TV: Do you manage to have free time? What do you do when you find you have time available?
KW: I am very lucky to work full-time as a bookseller and instructor at a very special bookstore in Port Townsend that is also a writer’s workshop. I’m fortunate to work among books and writers. So even though I don’t have much free time, the type of environment where I work is constantly informing me and educating me. I’m surrounded by teachers: my customers who are voracious readers, local writers, and the owners of the store who are both writers and instructors, provide a steady stream of literary inspiration. I’m very much an introvert, and luckily, so are my two sons. Both my boys are also writers so we have lots in common. Whenever I have a day off, I try to balance it between reading and writing and spending quality time with my sons. I don’t have much time for socializing beyond that these days, but when I can, I love hanging out with friends who make me laugh and who I can be silly and crazy with. I have a really goofy side that isn’t usually present in my writing. I need to address that at some point.
TV: How did you start your artistic journey? Were you born to this or did it occur later? When did you know you wanted to become an artist/cantadora?
KW: Like I mentioned earlier, I felt the urge and the longing to create from a very young age. What started out as daydreaming and imagining turned into me wanting to create as a way to process my thoughts and my emotions. When I finally started college at the age of twenty-five, I was lucky to have a professor who encouraged me to pursue writing. His advice was that I needed to read voraciously and have humility. This has always stuck with me. But initially I started out more interested in visual art than written work. I think it’s because as a child I struggled with reading and writing in English since I learned to read in Spanish first. But as I continued to draw, I found more and more that I was using images to tell a story, I found a narrative thread running through my images and that made me pursue writing.
TV: How did Clarissa Pinkola Estes influence your work?
KW: It’s been many years since I read Women Who Run With Wolves. But I remember how I kept seeing the book on the bookshelves of women I admire, love and respect. Here’s a quote from her book I should paint on my wall: “I hope you will go out and let stories, that is life, happen to you, and that you will work with these stories… water them with your blood and tears and your laughter till they bloom, till you yourself burst into bloom.”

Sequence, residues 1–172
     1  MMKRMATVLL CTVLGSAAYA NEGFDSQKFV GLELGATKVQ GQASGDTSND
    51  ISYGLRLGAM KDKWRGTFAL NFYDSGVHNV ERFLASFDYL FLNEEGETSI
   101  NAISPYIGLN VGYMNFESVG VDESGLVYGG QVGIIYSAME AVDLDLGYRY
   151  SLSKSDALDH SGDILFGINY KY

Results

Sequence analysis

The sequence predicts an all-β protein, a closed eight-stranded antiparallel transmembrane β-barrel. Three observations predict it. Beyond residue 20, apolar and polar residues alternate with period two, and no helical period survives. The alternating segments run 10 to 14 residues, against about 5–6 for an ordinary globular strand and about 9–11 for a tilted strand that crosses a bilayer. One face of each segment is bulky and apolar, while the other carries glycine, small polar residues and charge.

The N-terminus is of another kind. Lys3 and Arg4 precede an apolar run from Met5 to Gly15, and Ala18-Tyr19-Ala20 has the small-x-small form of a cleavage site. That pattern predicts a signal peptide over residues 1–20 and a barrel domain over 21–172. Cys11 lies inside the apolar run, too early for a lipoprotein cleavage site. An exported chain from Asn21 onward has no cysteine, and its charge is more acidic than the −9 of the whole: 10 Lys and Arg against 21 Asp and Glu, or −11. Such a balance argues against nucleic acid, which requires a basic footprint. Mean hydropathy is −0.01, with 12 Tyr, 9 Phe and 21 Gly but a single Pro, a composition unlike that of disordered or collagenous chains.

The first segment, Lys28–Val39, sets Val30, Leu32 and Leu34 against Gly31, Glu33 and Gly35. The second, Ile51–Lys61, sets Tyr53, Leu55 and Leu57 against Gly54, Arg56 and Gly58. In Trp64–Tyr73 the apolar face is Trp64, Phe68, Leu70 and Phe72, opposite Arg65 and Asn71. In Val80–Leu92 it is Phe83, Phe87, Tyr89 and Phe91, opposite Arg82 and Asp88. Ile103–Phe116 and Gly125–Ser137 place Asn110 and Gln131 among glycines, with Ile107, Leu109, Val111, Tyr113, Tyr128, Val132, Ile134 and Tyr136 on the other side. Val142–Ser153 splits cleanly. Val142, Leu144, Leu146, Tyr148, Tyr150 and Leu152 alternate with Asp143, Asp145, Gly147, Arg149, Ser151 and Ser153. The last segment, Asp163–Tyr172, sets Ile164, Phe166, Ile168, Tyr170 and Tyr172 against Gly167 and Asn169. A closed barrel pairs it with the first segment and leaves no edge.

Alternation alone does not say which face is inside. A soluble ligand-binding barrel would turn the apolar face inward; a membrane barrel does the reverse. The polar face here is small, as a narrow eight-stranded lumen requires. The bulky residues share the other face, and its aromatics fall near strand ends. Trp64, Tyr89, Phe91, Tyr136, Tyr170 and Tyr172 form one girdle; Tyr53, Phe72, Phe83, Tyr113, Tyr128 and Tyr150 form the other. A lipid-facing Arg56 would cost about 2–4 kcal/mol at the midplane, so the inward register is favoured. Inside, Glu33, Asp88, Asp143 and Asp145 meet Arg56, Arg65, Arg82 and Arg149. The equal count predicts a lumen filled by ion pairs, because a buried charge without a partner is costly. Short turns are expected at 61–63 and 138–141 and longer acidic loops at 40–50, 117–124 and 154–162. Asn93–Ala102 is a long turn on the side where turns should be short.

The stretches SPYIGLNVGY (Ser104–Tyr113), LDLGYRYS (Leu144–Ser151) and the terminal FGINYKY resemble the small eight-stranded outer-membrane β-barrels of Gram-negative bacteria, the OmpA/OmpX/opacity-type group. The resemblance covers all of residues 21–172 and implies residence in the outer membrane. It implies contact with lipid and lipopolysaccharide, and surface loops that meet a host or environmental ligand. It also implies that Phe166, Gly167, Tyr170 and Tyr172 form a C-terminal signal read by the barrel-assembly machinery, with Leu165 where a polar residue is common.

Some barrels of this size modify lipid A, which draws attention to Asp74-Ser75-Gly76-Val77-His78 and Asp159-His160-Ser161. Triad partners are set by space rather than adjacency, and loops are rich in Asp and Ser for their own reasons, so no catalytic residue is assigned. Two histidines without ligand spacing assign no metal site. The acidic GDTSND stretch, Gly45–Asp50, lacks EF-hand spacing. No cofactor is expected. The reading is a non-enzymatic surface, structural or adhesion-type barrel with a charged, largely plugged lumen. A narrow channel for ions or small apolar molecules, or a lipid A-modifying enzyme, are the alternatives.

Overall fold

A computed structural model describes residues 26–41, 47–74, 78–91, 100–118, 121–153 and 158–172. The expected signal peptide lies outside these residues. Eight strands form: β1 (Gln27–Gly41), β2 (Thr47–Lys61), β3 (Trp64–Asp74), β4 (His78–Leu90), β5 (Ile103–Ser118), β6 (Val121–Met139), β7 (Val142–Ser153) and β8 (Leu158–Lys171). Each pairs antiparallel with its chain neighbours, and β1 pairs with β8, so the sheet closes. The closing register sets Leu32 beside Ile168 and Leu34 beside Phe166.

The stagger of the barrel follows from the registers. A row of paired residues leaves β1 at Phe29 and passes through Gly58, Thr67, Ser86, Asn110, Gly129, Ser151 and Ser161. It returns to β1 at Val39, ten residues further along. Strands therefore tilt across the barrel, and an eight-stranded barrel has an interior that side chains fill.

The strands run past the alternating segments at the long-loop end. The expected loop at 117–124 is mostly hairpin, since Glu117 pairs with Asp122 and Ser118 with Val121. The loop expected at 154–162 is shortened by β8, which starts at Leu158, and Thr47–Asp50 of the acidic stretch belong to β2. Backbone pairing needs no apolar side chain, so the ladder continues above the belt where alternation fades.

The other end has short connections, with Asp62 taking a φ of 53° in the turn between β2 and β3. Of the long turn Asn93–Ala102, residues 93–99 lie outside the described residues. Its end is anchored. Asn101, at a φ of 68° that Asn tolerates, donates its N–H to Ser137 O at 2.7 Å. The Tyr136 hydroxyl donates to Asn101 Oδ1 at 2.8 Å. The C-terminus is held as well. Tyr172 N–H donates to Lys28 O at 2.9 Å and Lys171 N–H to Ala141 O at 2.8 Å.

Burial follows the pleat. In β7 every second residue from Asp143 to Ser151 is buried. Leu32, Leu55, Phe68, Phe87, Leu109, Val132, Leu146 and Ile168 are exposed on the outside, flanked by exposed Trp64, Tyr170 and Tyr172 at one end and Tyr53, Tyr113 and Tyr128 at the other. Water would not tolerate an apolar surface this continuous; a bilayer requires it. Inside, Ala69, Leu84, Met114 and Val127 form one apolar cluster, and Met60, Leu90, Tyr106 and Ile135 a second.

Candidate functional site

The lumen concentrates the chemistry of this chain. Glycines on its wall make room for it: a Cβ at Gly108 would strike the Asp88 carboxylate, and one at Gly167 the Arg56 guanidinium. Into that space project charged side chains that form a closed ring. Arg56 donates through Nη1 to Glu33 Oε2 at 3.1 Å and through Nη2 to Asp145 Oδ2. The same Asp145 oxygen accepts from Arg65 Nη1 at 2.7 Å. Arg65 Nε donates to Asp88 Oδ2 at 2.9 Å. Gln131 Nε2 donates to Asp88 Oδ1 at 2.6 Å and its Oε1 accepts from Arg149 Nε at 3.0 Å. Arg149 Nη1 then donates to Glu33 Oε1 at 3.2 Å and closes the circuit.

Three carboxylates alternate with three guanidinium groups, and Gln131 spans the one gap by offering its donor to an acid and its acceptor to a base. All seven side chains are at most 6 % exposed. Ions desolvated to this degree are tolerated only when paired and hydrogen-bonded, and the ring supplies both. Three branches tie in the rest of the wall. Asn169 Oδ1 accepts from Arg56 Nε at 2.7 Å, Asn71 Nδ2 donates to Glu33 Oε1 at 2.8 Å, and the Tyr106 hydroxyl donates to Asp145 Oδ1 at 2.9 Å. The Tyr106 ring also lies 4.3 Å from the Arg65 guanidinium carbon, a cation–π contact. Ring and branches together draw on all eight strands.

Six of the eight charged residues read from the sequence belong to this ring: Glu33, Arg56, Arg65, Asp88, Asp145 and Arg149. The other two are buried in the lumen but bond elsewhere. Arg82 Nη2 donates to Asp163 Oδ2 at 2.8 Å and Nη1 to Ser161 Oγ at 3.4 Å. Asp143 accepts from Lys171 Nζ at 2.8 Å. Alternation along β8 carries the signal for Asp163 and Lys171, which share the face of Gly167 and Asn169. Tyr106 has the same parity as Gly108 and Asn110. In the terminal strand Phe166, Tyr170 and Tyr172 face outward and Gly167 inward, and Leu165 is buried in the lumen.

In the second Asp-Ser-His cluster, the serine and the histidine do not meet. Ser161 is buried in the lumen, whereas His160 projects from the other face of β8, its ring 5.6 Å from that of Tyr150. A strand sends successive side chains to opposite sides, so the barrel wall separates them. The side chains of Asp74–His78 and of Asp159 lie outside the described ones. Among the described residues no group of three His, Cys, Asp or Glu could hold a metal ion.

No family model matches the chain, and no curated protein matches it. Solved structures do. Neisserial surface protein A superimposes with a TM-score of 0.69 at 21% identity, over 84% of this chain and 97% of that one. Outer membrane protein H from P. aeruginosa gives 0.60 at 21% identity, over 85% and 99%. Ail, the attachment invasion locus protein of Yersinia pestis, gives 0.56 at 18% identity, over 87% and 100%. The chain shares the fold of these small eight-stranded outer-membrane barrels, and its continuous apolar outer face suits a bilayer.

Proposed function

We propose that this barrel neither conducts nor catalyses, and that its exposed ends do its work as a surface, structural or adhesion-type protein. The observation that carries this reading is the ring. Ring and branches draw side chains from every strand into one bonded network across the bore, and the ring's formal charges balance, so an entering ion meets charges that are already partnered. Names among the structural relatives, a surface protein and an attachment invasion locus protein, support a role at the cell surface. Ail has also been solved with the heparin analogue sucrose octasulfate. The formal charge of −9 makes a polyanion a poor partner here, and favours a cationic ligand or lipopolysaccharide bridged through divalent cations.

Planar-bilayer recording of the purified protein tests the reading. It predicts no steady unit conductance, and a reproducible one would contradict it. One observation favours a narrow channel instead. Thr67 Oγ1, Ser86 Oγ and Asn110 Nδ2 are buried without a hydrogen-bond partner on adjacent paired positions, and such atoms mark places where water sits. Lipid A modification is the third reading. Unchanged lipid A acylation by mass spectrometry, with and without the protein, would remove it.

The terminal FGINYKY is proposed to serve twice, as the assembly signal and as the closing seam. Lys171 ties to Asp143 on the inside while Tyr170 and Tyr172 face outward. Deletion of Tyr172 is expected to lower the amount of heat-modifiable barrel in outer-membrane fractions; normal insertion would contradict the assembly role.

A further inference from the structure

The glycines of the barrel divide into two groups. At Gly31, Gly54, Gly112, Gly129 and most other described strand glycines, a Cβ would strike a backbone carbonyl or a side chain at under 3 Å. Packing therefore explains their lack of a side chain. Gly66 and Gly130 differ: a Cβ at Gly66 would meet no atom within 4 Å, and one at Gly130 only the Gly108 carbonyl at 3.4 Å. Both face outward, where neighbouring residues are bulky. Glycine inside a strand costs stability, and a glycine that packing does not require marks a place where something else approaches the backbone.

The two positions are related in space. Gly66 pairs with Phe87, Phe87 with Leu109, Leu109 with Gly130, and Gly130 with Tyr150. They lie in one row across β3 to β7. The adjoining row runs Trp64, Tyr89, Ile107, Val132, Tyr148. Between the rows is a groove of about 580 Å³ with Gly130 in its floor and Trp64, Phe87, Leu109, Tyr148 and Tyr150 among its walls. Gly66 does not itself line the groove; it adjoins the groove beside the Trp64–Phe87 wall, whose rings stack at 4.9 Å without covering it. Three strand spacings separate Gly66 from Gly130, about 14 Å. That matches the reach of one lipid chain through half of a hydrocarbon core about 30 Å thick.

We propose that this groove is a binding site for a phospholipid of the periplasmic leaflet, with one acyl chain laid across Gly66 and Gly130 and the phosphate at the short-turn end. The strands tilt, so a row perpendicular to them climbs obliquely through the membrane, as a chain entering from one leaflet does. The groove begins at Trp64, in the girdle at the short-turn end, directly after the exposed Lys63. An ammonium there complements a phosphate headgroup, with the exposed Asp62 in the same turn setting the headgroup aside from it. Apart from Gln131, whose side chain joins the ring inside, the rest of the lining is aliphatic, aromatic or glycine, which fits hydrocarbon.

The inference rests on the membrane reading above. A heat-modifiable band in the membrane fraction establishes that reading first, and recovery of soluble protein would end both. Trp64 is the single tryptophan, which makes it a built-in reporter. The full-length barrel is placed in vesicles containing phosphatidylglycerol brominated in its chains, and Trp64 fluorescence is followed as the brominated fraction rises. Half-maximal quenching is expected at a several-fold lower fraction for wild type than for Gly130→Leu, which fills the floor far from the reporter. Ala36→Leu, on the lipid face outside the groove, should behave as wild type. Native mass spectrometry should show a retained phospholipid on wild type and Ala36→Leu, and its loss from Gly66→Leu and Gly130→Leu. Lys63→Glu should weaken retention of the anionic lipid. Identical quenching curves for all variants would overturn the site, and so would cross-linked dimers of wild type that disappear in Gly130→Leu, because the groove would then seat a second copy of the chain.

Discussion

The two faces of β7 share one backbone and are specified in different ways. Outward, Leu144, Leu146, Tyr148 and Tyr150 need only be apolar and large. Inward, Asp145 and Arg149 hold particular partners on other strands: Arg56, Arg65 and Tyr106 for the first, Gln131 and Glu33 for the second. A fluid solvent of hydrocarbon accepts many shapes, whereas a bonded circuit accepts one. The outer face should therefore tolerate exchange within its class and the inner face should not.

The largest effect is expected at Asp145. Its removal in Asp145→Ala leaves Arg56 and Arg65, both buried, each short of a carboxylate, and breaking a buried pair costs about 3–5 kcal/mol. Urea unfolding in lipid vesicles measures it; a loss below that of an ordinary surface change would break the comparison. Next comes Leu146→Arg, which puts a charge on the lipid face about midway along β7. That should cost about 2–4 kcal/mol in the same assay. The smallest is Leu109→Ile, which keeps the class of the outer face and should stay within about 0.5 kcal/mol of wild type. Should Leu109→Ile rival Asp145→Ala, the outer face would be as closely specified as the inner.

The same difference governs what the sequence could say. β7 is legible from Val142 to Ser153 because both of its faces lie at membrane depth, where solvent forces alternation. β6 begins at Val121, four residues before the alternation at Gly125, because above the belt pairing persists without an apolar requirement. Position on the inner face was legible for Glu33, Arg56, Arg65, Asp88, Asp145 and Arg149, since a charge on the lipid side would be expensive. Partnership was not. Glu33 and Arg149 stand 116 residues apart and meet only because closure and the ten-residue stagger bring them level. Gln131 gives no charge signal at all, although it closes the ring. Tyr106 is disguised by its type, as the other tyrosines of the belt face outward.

TV: Transformative Language Arts is defined as using spoken, written, sung, embodied, or visualized word art to facilitate social change – have you even considered this as a way of using your art?
KW: Oh yes, definitely. I find I’m a little more successful when I use poetry or fiction to address a social matter rather than tackling it head on with non-fiction or journalistic writing. Several of my short stories, even if they are told as magical realism, highlight various social/personal/women’s issues including: domestic disenchantment, reproductive choices, as well as the backlash within women’s expected, traditional roles—marriage and motherhood and mother as artist. I have also written about same sex attraction and gender fluidity, about poverty, and the impoverished.
TV: Who were/are you writing to, for?
KW: It changes depending on what I am working on. I strive to be unfiltered and authentic and hope that by being genuine what I write will resonate with a reader or two. I often do think of my dear friend, a very talented poet named Eleanor Steinhagen. She’s one of those writers whose grocery list will read like a sonnet. Everything she touches becomes art. Absolutely everything about her; how she speaks, how she loves, how she interacts with the world is an act of art-making and breathing poetry. She’s my favorite person to send work in progress to because I know she will not only be honest, but she will put her entire hearty and soul into her feedback and commentary. She’s incapable of being superficial. She really cares and she’s a very careful reader and responder. I love that. I think I also write for readers who like to be surprised with some element of darkness or taboo that is relatable rather than alienating or too heavy handed.